That's right. Yesterday we took a fascinating tour of the Jerusalem municipality's sewage treatment plant. What exactly do they do with the sewage that you flush down the toilet? Well, after they clean it, they send it right back down the river. (Not to worry. You don't drink it.)
Did you know that 98 percent of raw sewage is water? I didn't (but do now). Well, up until not too long ago, that raw sewage just flowed out of the city and into Nachal Sorek, literally mucking up the environment. At some point, people came to their senses and realized just how disgusting and environmentally destructive that is, and they built the sewage treatment plants.
At the plant,
- The sewage is filtered about three times, first for solids, and then twice for sediment and fats
- The sediment is then biologically treated with enzymes and bacteria, which produces methane gas (see the big gold dome in the picture?) which is converted into electricity and sold back to the power grid. The sediment itself is then sold to farmers as fertilizer.
- The water, after being filtered a third time (and biologically cleaned with whatever enzymes they use), it's sent down the wadi into a system of man-made lakes that are then piped through the country for agricultural use. You might have noticed purple pipes in parks or near fields and a sign that says (Irrigation Water - do not drink!). That's essentially treated sewage water. This water source is critical for Israel's continued growth and prosperity. There's already a well-known water shortage in Israel. (My guide wasn't a big fan of the desalination plants either.) Imagine if the entire agriculture industry used tap water instead of treated sewage water...think of how low the Kineret would be then? (Think empty.) Without reusing our sewage, we would either not have crops, or not be able to shower, or possibly both.
|Water leaving the sewage plant|
I found the tour both informative and fascinating. Some interesting facts emerged:
|Down the River it flows. Clean...Sort of.|
2. Most streams in Israel are either raw sewage (I wouldn't hike in a Wadi between Yerushalayim and Ein Gedi if I were you. You can thank the Palestinians for that, who'd rather allow untreated sewage to flow into the environment than allow Israel to build a modern plant) or treated water. Either way, don't drink it unless you know that it's natural rainwater flow (think way up north).
3. We think that heavy rains are great for the country. While this might be true in northern areas that flow into the Kinneret and other water aquifers, it's not true about rain over much of the country. Too much rain is never good for the system. Rainwater flows into the sewage system and literally overflows the machinery. All they can do is let the sewage flow through and hope that not too much gets downriver. This fact reminded me of the famous story (see Ta'anit 3:8) of Choni Hame'agel.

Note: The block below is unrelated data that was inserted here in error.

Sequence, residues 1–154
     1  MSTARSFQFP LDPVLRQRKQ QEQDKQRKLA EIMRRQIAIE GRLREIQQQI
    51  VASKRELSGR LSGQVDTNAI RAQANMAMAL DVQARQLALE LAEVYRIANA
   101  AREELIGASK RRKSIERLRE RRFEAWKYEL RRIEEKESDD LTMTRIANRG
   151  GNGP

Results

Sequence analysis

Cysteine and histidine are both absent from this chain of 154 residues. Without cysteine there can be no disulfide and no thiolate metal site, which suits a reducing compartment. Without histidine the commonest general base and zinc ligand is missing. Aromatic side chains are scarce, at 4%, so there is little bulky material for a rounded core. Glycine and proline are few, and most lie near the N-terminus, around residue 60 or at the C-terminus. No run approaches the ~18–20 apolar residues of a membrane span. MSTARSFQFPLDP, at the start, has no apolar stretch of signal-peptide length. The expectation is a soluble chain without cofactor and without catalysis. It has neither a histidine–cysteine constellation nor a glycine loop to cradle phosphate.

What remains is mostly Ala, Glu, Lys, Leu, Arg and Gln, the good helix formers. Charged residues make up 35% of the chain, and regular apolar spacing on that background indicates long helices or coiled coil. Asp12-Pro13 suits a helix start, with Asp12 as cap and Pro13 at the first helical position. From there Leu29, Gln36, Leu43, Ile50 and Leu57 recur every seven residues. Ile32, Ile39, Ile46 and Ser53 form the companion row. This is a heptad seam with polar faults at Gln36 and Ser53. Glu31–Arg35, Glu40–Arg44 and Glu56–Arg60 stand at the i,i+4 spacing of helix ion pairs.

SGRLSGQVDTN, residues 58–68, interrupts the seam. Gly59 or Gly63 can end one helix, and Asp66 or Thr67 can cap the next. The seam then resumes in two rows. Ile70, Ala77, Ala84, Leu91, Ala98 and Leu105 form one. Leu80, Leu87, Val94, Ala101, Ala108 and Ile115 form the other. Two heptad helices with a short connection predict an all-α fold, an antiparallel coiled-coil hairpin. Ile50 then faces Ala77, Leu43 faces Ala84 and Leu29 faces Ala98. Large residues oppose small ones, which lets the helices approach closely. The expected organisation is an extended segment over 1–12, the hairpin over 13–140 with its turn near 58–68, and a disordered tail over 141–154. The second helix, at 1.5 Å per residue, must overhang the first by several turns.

Choni understood that when it rains too hard, that's also not a symbol of blessing. Great downpours overwhelm the fields and wash away into the ocean without sinking into the underground cisterns. And, they even overwhelm the sewage system, washing the sewage down the wadi without having a chance to treat the water.מעשה שאמרו לו לחוני המעגל, התפלל שיירדו גשמים. אמר להם, צאו והכניסו תנורי פסחים, בשביל שלא יימוקו. התפלל, ולא ירדו גשמים. עג עוגה, ועמד בתוכה ואמר, רבונו של עולם, בניך שמו פניהם עליי, שאני כבן בית לפניך; נשבע אני בשמך הגדול שאיני זז מכאן, עד שתרחם על בניך. התחילו הגשמים מנטפים; אמר, לא כך שאלתי, אלא גשמי בורות שיחין ומערות. ירדו בזעף; אמר, לא כך שאלתי, אלא גשמי רצון, ברכה ונדבה.Once they told Choni Hame'agel, "Pray that the rain should fall." He said to them, "Go and bring your Pesach ovens indoors, so that they don't get ruined [in the rain]. He prayed, yet no rain fell. He drew a circle, stood inside it and said, "Master of the World, your children turned to You, for I am like a member of Your household. I swear in Your great name that I will not move from this spot until You have compassion upon your children." It began to drizzle, and [Choni] said, "This is not what I requested - rather [I want] rains that will fill wells, cisterns and caves." The rains fell with wrath and he said, "This [too] is not what I requested. Rather, [I want] rains of blessing and benevolence."
So, when we pray for rain this week, we shouldn't just pray for a lot of rain. We do need the rain in great quantities. But we also need it in a smooth, steady stream, so that we can collect the water, treat it properly, and use it to generate life and blessing in the Holy Land.